Total Rating: 
****
Previews: 
February 18, 2017
Images: 
Opened: 
March 12, 2017
Country: 
USA
State: 
New York
City: 
New York
Company/Producers: 
Junkyard Dog Productions, Jerry Frankel, Latitude Link
Theater Type: 
Broadway
Theater: 
Gerald Schoenfeld Theater
Theater Address: 
236 West 45th Street
Phone: 
212-392-1818
Website: 
comefromaway.com
Running Time: 
1 hr, 45 min
Genre: 
Musical
Author: 
Book, Music, Lyrics: Irene Sankoff & David Hein
Director: 
Christopher Ashley
Choreographer: 
Kelly Devine
Review: 

The award for best ensemble on the New York stage should be handed out right now; the cast of Come from Away simply can’t be beat. Not coincidentally, this example of the best in theater is also an example of Canada at its best. On 9/11, 200 airplanes landed at the airport in Gander, Newfoundland, diverted and stranded there because American airports were shut down. Typically, the count was about a half dozen. Suddenly, the small town was faced with the challenge of accommodating 6,700 extra people. Although Newfoundlanders are fiercely independent — they don’t consider themselves Canadians — they didn’t hesitate to welcome the foreigners. The island was largely settled by the Irish, and the tradition of Celtic hospitality runs deep in their veins.

Newfoundland was mostly notable for its cod and L’Anse aux Meadows, largely thought to be the settlement of Leif Erikson’s Vikings. Gander airport had been a valuable refueling stop before the age of jumbo jets.

Most of the 9/11 travelers were stranded on their planes for many hours; they had no idea where they were. As one of the songs proclaims, they landed “Somewhere in the Middle of Nowhere.” MU shows us the story from both sides; the befuddlement and original suspicion of the passengers, and the organization and teamwork of the natives. Where would everyone sleep? How could they all be fed? What about all the extras that would be needed, including diapers and tampons? A special kitchen was set up to accommodate those who had different eating needs, be they kosher or vegetarian. Internal gripes had to be set aside; striking bus drivers suspended their action and drove the visitors to various places of shelter.

The twelve-person ensemble blends seamlessly, staying with some characters throughout while intercutting with others. There’s a gay couple; a truck driver; various civic leaders; an Egyptian man who is singled out for his faith; a rabbi; the town mayor; an animal lover who rescues dogs, cats, and a couple of bonobo chimps, one of whom is pregnant, and several more. A quick change of outer clothing, the whipping off of a hat, or just a switch in accents, and we know exactly which individual we’re seeing. It’s almost a square dance, very fast paced and never boring.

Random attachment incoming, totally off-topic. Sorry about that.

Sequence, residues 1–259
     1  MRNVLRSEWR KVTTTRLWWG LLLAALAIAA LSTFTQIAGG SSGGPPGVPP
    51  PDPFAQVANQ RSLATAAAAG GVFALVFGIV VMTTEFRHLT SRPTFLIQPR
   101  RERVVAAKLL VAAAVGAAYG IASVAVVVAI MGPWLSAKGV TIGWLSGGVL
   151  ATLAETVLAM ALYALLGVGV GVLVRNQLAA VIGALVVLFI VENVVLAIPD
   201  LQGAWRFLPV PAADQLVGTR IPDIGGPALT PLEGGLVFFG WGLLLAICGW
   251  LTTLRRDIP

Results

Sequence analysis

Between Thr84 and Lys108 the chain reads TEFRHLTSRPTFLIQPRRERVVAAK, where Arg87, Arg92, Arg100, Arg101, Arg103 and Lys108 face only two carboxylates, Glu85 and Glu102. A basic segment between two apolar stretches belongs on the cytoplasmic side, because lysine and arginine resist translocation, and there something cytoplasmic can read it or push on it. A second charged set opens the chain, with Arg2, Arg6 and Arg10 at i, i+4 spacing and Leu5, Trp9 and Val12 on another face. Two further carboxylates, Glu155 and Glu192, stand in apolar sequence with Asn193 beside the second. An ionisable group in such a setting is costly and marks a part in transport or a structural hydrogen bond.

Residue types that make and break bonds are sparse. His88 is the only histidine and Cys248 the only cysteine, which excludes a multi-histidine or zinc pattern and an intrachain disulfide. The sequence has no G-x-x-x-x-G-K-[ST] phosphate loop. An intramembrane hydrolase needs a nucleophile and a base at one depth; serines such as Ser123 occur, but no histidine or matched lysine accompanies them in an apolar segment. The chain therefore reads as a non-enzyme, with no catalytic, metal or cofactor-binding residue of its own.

There are touching quiet moments; one mother of a firefighter befriends another, everyone observes an American moment of silence, and the knowledge of what happened that horrific day is almost overwhelming.

If one performer stands out to me, it would have to be Jenn Colella. Her voice as Beverley, the captain of one of the American Airlines planes, takes the play from the beginning, when everything is confused and she must be the voice of reason, to the joyful end of the show. She gives information without preaching — who knew that women weren’t piloting commercial airlines until 1986? — and reminds in authority without having to raise her voice. Her energy permeates the evening and is matched by the vitality of her fellow actors, all of whom are first rate.

It would be nice to think that in our divisive times we would be capable of the kind of acceptance and hospitality shown by the Newfoundlanders. It’s not a source of pride that we seem to have become a xenophobic nation, quick to hate, quick to jeer. How much better we could be if we followed the path of gratitude followed by the passengers and those who cared about them; a scholarship fund set up to thank their hosts has raised more than a little cash, and the kindness shown during that terrible time has not been forgotten. Unga, the pregnant bonobo who lost her baby during the ordeal, again became pregnant and delivered a healthy baby at her new home, the Columbus Zoo. The little ape was christened “Gander.”

Cast: 
Petrina Bromley,Geno Carr, Jenn Colella, Joel Hatch, Rodney Hicks, Kendra Kassebaum, Chad Kimball,Lee MacDougall, Caesar Samayoa, Q. Smith, Astrid Van Wieren, Sharon Wheatley, Josh Breckenridge, Susan Dunstan, Tamika Lawrence, Tony LePage
Technical: 
Sets: Beowulf Boritt, Costumes: Toni-Leslie James, Lighting: Howell Binkley
Critic: 
Michall Jeffers
Date Reviewed: 
April 2017